A lack of training and development for the UK’s workforce is a “significant concern” for the future of business, experts have warned, after research revealed that 25 per cent of UK employees believe they receive insufficient support from their employers.
Just 48 per cent of respondents to a survey conducted by Ipsos Mori on behalf of Interserve Plc, said they received adequate training and development from their current bosses.
This is despite career development opportunities being cited as the most important consideration (after pay) when considering a future employer.
The findings are part of a nationwide survey, which asked 2,061 adults aged 16 and above about their perceptions of training and development provided by their current employer and by big businesses that employ more than 1,000 people.
As well as employees doubting the quality of their own training, just one in six believe that big businesses provide sufficient opportunities for apprenticeships, which could effect future generations entering the workforce.
The report also revealed that a third of respondents believe that big businesses are worse at improving employee skills and providing career development opportunities today, than they were 10 years ago.
Ksenia Zheltoukhova, research adviser at the CIPD, said training methods had changed significantly over the last few years, which could explain changing employee opinion.
“The CIPD recent ‘Megatrends’ report ‘Are UK organisations getting better at managing their people?’ quoted Labour Force survey data, indicating that about 15 per cent of employees received training in the previous three months,” Zheltoukhova explained.
“This proportion remained relatively stable, although the volume of training (number of days spent in training) has recently been falling, with an 8 per cent drop between 2009 and 2011, and another small reduction between 2011 and 2013.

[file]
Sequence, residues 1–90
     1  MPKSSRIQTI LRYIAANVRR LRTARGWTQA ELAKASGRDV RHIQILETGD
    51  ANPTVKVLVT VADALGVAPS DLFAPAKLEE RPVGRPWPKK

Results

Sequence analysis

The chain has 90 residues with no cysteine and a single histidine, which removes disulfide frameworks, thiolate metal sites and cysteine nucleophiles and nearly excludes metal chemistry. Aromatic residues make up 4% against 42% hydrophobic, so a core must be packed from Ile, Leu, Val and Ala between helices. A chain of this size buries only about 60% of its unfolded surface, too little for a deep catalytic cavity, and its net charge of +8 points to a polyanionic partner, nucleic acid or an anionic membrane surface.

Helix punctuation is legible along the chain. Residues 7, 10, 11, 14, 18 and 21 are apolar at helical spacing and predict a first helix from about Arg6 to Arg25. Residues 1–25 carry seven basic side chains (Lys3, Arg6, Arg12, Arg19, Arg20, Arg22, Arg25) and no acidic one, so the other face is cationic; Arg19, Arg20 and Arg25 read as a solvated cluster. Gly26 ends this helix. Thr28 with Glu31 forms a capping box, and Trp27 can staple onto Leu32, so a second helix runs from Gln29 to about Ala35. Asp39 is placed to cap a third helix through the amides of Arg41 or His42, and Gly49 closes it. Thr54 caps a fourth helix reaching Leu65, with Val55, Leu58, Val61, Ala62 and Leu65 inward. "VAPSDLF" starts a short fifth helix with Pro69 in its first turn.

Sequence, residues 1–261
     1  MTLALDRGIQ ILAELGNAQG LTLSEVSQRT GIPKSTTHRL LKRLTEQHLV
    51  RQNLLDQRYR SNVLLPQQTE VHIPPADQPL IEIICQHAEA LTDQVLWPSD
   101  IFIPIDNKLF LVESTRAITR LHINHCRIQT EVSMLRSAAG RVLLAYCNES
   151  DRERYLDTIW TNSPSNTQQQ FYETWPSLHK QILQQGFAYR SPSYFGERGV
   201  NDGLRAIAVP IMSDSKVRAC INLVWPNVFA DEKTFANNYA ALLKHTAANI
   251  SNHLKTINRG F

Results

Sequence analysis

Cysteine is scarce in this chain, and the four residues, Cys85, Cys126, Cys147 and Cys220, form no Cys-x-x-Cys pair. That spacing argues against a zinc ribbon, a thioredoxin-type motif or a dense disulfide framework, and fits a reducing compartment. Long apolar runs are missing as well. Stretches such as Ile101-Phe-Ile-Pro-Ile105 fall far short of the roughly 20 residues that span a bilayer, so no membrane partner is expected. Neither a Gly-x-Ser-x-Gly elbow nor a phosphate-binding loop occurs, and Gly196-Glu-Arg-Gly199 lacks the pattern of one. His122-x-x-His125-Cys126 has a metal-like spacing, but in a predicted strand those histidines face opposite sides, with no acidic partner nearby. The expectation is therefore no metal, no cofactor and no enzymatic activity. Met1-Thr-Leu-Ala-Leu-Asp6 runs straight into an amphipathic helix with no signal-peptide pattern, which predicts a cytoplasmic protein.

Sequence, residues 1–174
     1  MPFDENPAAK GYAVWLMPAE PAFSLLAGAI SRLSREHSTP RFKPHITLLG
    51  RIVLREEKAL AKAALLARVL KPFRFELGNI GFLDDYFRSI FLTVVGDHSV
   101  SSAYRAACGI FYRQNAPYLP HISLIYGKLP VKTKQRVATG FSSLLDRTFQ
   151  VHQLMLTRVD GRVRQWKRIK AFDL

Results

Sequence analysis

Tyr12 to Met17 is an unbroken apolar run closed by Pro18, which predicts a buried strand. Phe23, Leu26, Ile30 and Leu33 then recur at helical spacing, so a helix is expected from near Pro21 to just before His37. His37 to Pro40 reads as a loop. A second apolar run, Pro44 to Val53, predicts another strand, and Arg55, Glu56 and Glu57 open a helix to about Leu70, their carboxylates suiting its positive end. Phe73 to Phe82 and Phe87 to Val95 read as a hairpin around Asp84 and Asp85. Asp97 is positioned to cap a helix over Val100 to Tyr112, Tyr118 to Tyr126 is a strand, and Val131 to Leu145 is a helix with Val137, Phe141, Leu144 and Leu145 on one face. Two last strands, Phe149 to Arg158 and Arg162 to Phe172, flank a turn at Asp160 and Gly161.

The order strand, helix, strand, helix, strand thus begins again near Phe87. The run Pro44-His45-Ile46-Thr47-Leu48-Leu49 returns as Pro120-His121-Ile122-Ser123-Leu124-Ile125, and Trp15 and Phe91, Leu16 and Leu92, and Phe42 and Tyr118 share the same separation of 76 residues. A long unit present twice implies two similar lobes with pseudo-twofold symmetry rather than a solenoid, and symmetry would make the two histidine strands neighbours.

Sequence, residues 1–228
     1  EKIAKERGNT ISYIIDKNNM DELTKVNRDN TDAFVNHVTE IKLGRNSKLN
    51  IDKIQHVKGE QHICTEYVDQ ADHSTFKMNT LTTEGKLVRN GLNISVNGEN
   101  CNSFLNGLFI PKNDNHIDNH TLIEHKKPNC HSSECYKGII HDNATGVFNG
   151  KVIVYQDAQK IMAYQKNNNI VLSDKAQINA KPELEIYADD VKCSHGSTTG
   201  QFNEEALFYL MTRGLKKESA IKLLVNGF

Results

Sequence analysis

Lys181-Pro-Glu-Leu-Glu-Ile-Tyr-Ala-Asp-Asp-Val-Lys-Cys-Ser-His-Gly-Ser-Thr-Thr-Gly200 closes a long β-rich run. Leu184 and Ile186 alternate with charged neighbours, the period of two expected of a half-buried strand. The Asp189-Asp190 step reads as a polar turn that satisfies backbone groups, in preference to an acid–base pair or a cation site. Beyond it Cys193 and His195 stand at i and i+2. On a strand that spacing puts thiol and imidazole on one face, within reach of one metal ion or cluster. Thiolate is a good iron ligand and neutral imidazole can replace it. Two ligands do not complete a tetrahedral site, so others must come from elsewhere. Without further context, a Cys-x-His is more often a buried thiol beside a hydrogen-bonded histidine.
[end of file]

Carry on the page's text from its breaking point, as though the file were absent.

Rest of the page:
“This doesn’t necessarily mean a reduction in quality, as our Learning and Development annual survey data points to an increase in the use of internal training (rather than using external providers), increased emphasis on the on-the-job training (as opposed to discrete courses), and a growth in e-learning. All of these methods are less disruptive, and can account for some reduction in the volume of training,” she added.
But she warned that training must not be under-estimated as it enables employers to continuously develop staff skills to match the pace of change.
“Focus ‘on the now’ seems to get in the way of future-proofing employee skills – almost 4 in 10 of employees say they can rarely find time for training and development. This is mirrored in the survey of HR professionals, where 56 per cent named operational pressures as the top barrier to training and development of staff,” Zheltoukhova said.
She urged employers to better design training format and content to match the growth needs of the organisation.
Lewis, G. (2015) Quarter of UK Workforce receive Insufficient Training and Development. Available from World Wide Web: http://www.cipd.co.uk/pm/peoplemanagement/b/weblog/archive/2015/02/02/quarter-of-uk-workforce-receive-insufficient-training-and-development.aspx. [Accessed: 04 February, 2015].